Fergus noted that challenge as well, especially with many of his players commuting to Dock from Philadelphia. The Pioneers have a 2A boys’ quarterfinal against defending state champion Math, Civics and Sciences now on hold.
“We’d be ready as soon as they said ‘play,’ that’s just how I feel about my kids,” Fergus said. “We had probably our best practice of the year (Thursday). We have a fitness level that’s out of sight so I’d say we could play in 24-hours’ notice, I just hope we get the nod.”
Fleury said he’s been in regular contact with most of his players since the announcement and they’re working on alternative measures to not lose too much momentum. Trying to find a moment of levity, the Panthers have taken to joking by the time they get back to playing, injured senior Zahree Harrison will be healthy enough to play but they’re taking it just as serious as everyone else.
“We’ll do something outside, take it back to the roots of what the game really is, find a blacktop and just play,” Fleury said. “It’s very weird, we can’t go to Arcadia, we can’t go anywhere. The whole state is closed for 10 days, so maybe we’re on an even playing field? I have no idea.”
Wood girls’ basketball coach Mike McDonald didn’t get a chance to address his entire team before the postponement but has been communicating with his captains. While he’s confident his players can get their touch and shooting back rather quickly, he stressed keeping cardio and fitness levels up for his athletes.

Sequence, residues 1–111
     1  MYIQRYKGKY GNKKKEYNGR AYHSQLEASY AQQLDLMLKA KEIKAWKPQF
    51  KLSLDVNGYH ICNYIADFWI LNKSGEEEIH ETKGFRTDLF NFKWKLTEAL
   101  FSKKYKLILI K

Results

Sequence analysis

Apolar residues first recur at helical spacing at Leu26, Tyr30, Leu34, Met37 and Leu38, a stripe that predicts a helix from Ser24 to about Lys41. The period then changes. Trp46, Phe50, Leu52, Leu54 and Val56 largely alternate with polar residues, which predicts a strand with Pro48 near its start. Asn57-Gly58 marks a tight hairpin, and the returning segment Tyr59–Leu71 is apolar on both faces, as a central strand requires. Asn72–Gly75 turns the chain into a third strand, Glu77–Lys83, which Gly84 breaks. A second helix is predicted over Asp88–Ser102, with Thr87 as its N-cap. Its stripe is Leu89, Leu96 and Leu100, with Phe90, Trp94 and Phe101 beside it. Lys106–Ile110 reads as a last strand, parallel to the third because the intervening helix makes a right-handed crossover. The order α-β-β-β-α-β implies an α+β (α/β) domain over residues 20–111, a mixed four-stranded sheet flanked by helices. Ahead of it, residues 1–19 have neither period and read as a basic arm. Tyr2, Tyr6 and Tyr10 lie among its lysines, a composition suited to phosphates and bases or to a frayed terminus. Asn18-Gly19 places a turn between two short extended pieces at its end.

The Vikings were slated to play in the 5A girls’ quarterfinals against PCL rival Archbishop Carroll on Saturday.
“We’re just waiting, personally I don’t feel good about it with so many things already being canceled months in advance,” McDonald said. “I’m no medical expert by any means but it seems crazy we have so many things being canceled so far ahead. Right now, I’m glad the PIAA hasn’t canceled it officially so that gives us a little bit of hope.”
The common thought for all four coaches and likely all area teams still standing is what losing any remaining games would mean to their players and especially the seniors. Other teams still in the mix include Jenkintown (A girls), Lansdale Catholic (4A girls), Archbishop Wood (5A boys) and Methacton (6A boys).
While the situation is frustrating for all involved, Fleury, Fergus, Dougherty and McDonald all said they agreed with the decision to postpone games. At the same time, there’s a human element they’ve had to deal with in the past 48 hours.
“I texted my captains and they just wanted to practice, they asked if we could find somewhere else to practice,” McDonald said. “They’re into it, they want to finish this season. Some of them said they were crying at their desks finding out they might not play. These kids work their whole life to have a big moment and a big opportunity and to not have that moment, it’s heartbreaking.”
“I saw a lot of other coaches comment after the disappointment of losing a state playoff game, at least they’re not in limbo and wondering what could have been,” Dougherty said. “It’s really our hope to not get wondering what could have been. If we knew three or four days ahead of time we were going to play a game, it would be enough.”
For now, the players and coaches will wait for a more definitive answer and do what they can to be ready when it comes.
“I’m hoping they let us play but at the same time, I understand they have to do what’s safe,” Fergus said. “It’s just a weird situation, you really are in limbo.”
“Our guys are hungry to get back to it, but it’s difficult,” Fleury said. “It’s tough for a good amount of them. I don’t really know what’s going to change in two weeks, are we just holding it off, do we intend on playing it, no matter what it comes down to, it’s tough.”